Saddam's double snub for UN
First, it was under instruction to notify the United Nations Iraqi- Kuwaiti Observation Mission (Unikom) of its intention to remove any material. And second, it was in violation of a decision - not a resolution - of the UN Security Council not to retrieve arms. On 3 November, in an exchange of letters, the Security Council laid down that the weapons should be destroyed. This despite the fact that none of them were covered by the Gulf war ceasefire resolution, 687, calling for the destruction of weapons of mass destruction and any ballistic missiles with a range of more than 150km.
Iraq followed up its raid on Sunday by sending up to 150 workers into Kuwaiti territory yesterday to dismantle warehouses and other facilities. A spokesman for Unikom, Abdellatif Kabbaj, said the Iraqi workers took apart five buildings about half a mile from where they had ransacked arms bunkers on Sunday.
Both incursions were only a few hundred yards over the newly demarcated border, but infringed Kuwaiti sovereignty none the less.
A special UN envoy, Richard Foran, arrived in Baghdad yesterday to seek the immediate return of all the seized materials, UN sources said.
At the United Nations, Iraq's envoy, Nizar Hamdoon, said that Iraq had UN consent to remove material from its side of the demilitarised zone with Kuwait ahead of a 15 January deadline.
The most significant weapons seized on Sunday by the Iraqis were four Silkworm anti-ship missiles, a little like a shore-based Exocet. The Chinese Silkworm, based on the Soviet Styx, has a range of 50 miles, and even if modified to give it longer range cannot be described as a ballistic missile. The missiles are 6.5m (21ft) long, 0.78m (2.5ft) in diameter and carry a half-ton high-explosive warhead.
During the 1991 Gulf war a number of Iraqi Silkworms were destroyed by allied air attack. One, fired at allied shipping, was shot down on 25 February by HMS Gloucester.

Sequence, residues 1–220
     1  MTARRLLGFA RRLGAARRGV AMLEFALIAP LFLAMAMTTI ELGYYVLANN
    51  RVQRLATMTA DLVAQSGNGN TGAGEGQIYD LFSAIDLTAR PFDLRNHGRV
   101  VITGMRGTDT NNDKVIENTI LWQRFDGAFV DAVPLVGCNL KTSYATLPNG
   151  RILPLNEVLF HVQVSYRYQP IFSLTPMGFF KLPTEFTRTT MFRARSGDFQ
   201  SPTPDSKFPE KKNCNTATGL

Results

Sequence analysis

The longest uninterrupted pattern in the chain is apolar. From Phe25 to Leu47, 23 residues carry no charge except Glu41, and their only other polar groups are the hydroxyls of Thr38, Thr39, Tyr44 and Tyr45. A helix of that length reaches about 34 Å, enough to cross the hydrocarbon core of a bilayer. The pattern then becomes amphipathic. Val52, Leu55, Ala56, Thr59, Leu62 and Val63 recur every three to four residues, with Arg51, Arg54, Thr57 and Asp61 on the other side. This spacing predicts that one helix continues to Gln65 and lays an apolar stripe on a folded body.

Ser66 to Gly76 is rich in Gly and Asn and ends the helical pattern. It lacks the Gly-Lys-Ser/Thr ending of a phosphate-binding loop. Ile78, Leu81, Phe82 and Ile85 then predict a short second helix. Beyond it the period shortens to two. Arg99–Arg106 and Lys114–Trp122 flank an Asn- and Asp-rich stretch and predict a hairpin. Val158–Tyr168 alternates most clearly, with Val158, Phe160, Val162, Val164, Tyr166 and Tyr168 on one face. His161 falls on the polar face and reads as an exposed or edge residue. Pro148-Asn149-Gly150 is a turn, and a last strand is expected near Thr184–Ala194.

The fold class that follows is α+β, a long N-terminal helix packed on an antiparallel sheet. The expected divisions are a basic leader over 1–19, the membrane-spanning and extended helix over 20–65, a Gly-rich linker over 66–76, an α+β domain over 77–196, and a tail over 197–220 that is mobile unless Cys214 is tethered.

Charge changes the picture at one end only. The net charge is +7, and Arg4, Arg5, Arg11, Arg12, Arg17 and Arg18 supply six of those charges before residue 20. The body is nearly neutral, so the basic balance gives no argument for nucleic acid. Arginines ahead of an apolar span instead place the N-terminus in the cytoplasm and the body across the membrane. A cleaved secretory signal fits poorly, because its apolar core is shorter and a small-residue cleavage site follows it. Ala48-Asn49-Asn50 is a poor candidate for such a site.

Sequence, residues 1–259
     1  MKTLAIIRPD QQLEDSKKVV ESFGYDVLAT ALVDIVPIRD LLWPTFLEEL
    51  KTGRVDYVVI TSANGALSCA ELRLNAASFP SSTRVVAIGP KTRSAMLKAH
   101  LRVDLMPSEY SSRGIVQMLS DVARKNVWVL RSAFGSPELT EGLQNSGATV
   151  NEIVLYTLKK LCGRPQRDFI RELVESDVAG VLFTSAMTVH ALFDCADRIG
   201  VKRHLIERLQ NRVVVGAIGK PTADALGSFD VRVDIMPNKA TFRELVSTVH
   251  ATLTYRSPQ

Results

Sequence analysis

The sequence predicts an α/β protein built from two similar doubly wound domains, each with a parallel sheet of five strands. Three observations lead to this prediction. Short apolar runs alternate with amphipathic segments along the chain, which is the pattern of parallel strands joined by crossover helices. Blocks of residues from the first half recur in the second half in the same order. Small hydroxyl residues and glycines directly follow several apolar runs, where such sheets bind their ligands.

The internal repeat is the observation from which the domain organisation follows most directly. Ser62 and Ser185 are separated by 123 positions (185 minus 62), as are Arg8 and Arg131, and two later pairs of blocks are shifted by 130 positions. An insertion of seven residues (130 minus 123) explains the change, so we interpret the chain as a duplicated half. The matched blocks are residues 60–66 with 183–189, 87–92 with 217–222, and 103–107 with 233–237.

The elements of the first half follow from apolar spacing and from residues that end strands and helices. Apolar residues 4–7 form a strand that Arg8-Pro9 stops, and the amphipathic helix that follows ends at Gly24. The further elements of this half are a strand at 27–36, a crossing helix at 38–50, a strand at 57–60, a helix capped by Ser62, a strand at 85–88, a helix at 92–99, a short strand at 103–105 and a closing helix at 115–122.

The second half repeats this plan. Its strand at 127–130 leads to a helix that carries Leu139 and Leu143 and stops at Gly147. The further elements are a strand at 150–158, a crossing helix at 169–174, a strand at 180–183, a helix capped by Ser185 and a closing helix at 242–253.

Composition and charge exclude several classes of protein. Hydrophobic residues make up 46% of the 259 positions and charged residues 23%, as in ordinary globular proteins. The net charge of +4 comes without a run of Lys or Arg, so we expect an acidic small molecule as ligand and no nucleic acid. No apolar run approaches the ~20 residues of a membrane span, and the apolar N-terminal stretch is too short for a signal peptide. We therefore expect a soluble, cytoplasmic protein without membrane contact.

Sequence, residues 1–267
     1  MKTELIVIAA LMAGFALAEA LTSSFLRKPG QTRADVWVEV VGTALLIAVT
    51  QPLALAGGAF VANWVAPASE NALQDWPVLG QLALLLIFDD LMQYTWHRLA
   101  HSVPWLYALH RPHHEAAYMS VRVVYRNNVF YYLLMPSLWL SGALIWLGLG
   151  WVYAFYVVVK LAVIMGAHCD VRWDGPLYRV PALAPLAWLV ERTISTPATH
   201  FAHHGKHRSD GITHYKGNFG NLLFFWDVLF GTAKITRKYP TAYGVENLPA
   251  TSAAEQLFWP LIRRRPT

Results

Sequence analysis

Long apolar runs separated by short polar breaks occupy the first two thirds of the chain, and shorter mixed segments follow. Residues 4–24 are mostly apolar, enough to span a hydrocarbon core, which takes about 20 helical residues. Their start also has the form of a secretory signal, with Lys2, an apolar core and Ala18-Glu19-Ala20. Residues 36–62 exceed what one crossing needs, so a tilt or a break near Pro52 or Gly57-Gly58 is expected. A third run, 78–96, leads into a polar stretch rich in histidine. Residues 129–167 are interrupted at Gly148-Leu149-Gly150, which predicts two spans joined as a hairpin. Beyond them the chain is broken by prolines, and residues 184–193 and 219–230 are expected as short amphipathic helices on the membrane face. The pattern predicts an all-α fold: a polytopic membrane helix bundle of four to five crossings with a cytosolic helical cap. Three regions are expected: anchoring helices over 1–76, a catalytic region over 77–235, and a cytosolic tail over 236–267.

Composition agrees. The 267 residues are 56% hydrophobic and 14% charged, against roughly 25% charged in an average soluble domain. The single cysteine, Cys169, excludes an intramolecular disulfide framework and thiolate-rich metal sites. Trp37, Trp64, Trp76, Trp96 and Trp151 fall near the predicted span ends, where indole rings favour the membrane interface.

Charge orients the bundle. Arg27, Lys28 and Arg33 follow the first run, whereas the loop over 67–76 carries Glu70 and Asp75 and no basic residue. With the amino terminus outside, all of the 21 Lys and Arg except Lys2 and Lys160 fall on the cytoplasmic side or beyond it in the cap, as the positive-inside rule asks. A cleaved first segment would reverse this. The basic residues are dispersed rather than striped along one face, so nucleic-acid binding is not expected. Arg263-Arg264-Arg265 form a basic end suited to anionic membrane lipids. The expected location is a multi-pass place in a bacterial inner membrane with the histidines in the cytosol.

The UN special commission was going to destroy the Iraqi weapons, according to Western officials.
All the equipment seized by Iraq was in territory which even before it invaded Kuwait on 2 August 1990 had been Iraqi-controlled. Over the years Iraq had encroached southwards, without much fuss being made. What it was trying to retrieve was equipment it had had there for years.
The land boundary line between Kuwait and Iraq which the Iraqis crossed on Sunday and again yesterday dates back to 1951. In June 1961, days after Kuwait gained independence, Iraq laid claim to all of Kuwait. In 1963, Iraq relinquished its claim and recognised Kuwait as a sovereign state. The boundary, which originally ran south of Umm Qasr, has not moved: Umm Qasr has expanded southwards, with the construction of Iraqi naval facilities during the l980-88 Iran-Iraq war.
Iraq's main route to the sea was the Shatt-al-Arab waterway - the border with Iran, and vulnerable to attack. During the 1980-88 war, the Iraqis therefore developed the Khawr az-Zubayr waterway, which is 25 miles from the Iranian border at the closest point, as a safe alternative.
Because Iran, and not Iraq, was seen as the main threat, nobody much minded the Iraqi development spilling over the vague border. After the 1991 Gulf war, the land boundary was not moved, merely defined more clearly, with the construction of concrete markers through the town which had expanded southwards. A large section of the naval dockyard is in Kuwaiti territory.
The only boundary which has been redefined is that along the sea shore, once the frontier hits the coast. The boundary runs along the low water mark, giving Iraq all the Khawr az-Zubayr - a demarcation very much in its favour.
The demarcation line further out to sea is to be discussed in March. Here, it is likely to be the median line, or the Thalweg line - the term for the deepest channel (from the German for the bottom of a valley).
Unikom was established in April 1991 to monitor a demilitarised zone extending 10km (6.25 miles) into Iraq and 5km into Kuwait from the agreed 1963 boundary between the states. Its mission is to 'deter violations of the boundary and to observe hostile or potentially hostile actions'. It failed to do the former. It is unarmed, and its main purpose is to report infractions of the boundary to the United Nations.
Unikom has about 300 members, including 14 Britons. The US has about 17,000 military and naval personnel in the Gulf area but only 1,300 army and a small number in Unikom.
Iraq was allowed to remove its non-military assets from Kuwaiti territory. So why all the fuss? The technical factor which precipitated Iraq's action, quite apart from any political impulse, was the 15 January deadline set for the removal of its assets from Kuwait.
What the Iraqi action demonstrated, however, is the scant regard which it has either for the border with Kuwait, the writ of the United Nations, or the threat of retaliation by the United States and its coalition allies.
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